When a dividend stock offers a yield much higher than the market average, it’s usually a sign of danger.
A higher yield often indicates payouts are at risk of being slashed down the road. Companies that are in the middle of a turnaround, or facing short-term disruptions, usually fall into this category. In a typical turnaround situation, companies try to cut their massive debt, or they’re dealing with a scenario where disruptors are endangering their market share.
For investors interested in trying their luck in this area of the market, though, here are our two picks to consider:
America’s largest telecom operator, AT&T (NYSE:), is a high-reward, albeit potentially high-risk bet for retirees. With an annual dividend yield of 7.39%, it offers one of the best returns available from a blue-chip stock with a long track record of paying dividends.
But that return doesn’t come without risk. Shares of the Dallas-based company have lost more than a quarter of their value since the start of the year as investors see significant uncertainty about this iconic brand as its core operations struggle to produce growth, and the company accumulates a huge load of debt. Shares were trading at $27.75 at yesterday’s close
AT&T 1-Year Chart.
Since the COVID-19 outbreak, the operator is under significant pressure as many customers stop paying their bills, further straining its cash flows. In July, AT&T said 338,000 regular mobile-phone subscribers stopped paying for their service due to the COVID-19 crisis.
The company said an additional 159,000 broadband customers and 91,000 TV subscribers also stopped payments in the . AT&T and other carriers have vowed not to shut off service to people affected by the viral crisis.
AT&T’s dismal performance over the past five years is also a reflection of the company’s debt-loaded acquisition strategy, which has so far failed to unlock value. Its DirecTV unit has lost millions of subscribers in recent years as viewers switch to on-demand entertainment services like Netflix (NASDAQ:).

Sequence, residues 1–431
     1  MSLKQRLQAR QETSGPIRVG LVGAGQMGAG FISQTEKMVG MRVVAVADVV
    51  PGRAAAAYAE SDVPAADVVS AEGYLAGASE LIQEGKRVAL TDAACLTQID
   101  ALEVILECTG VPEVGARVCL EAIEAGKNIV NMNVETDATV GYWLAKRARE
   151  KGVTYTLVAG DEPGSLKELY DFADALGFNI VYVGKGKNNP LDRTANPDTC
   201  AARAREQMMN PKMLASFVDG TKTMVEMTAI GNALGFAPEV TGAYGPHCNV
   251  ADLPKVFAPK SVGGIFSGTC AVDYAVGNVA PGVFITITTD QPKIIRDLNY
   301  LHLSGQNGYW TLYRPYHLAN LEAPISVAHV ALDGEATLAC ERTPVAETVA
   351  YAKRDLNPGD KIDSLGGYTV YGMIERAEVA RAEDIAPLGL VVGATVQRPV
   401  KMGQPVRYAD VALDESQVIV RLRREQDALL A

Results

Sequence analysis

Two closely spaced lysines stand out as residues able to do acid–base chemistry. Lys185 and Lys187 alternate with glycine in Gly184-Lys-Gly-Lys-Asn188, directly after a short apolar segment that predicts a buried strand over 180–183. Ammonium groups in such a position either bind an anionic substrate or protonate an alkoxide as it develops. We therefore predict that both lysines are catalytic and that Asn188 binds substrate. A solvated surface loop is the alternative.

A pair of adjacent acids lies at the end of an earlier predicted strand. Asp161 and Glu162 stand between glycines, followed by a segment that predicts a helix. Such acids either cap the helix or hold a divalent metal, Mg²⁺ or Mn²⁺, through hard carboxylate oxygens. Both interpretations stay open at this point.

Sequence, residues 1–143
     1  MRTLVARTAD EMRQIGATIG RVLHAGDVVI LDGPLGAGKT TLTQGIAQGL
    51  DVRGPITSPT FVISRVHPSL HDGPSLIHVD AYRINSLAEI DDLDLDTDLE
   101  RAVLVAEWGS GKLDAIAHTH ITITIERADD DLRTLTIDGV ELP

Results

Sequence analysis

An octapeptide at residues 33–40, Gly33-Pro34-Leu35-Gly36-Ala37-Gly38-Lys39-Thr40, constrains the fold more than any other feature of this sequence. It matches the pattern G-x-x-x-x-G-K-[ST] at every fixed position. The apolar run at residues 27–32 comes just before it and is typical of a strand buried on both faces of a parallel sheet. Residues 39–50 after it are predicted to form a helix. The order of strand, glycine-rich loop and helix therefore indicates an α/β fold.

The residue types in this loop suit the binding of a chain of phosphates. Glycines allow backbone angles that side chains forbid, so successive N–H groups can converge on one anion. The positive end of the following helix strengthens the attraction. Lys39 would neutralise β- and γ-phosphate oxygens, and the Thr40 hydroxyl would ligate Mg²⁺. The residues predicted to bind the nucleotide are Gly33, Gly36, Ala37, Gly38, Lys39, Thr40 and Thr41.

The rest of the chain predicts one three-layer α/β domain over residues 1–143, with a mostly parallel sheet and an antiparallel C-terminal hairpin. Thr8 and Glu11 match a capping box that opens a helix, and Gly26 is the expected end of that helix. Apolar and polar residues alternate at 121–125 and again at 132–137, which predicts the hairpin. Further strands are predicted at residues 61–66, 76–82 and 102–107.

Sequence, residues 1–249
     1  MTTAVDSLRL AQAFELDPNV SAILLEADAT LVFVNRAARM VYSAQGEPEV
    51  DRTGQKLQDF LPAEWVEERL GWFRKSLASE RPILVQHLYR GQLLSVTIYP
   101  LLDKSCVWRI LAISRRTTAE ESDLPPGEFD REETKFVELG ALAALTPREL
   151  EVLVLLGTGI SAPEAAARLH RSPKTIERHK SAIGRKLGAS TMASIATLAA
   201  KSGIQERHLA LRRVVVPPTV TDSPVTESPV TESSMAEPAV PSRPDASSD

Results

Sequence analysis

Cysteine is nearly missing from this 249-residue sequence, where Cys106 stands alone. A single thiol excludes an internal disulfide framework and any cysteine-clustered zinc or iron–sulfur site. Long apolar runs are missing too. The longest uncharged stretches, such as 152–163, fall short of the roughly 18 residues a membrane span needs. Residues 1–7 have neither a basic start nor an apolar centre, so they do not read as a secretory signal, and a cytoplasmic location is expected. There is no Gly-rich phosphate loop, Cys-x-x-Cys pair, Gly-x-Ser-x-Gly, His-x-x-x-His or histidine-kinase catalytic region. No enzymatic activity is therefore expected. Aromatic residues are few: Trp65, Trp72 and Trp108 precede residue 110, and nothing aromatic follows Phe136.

The communication services company bought the satellite TV provider for $49 billion in 2015, a deal that could hardly fetch $20 billion, according to the Wall Street Journal. In 2018, AT&T’s $80-billion takeover of Time Warner added HBO, the Warner Bros. film studio and cable channels like CNN to its portfolio.
For investors, the decision at this point is whether AT&T will successfully transform its business and be able to compete with entertainment sector disruptors like Netflix, and whether such a success would save its $0.52-a-share quarterly payout.
Utilities are another area where investors can find higher dividends and a good income stream if they hold for the long run. North America’s largest gas and oil pipeline operator, Enbridge (NYSE:) could be a good fit in this sector, with its massive moat and its crucial position in North America’s energy supply chain.
Enbridge’s cash flows are well diversified across many businesses and geographies, helping the utility to weather the economic downturn better than other companies.
For instance, while the pandemic is hurting consumption across the board, Enbridge’s transmission, distribution and storage businesses, which account for about 30% of cash flows, are not expected to experience a meaningful impact from COVID-19.
While many energy companies reported losses in the , Enbridge delivered strong performance with adjusted EBITDA rising to CAD$3.3 billion (USD $2.5 billion), compared to CAD$3.2 billion (USD $2.4 billion) a year ago. The company expects 5% to 7% annual growth in payout per share through 2022.
Enbridge 1-Year Chart.
This revenue stability makes Enbridge a good defensive stock to hold when the economic headwinds begin to churn. The company pays $0.62 a share quarterly dividend, with an annual yield of 8.37%.
Over the past three years, Enbridge has been carrying out a restructuring plan, selling assets, focusing on its core strengths, and paying down its debt. These measures are likely to benefit long-term investors whose goal is to earn steadily growing income.
But investors don’t see much value in owning energy stocks in this environment when demand for oil is depressed and the company is facing hurdles in its expansion plans from environmentalists. Enbridge stock, down 25% to date in 2020, closed at $29.61 yesterday in New York.
Investing in turnaround situations can produce huge returns over time. But these companies certainly carry more risk, so investors should be very careful in deciding which high-yielding stocks to select.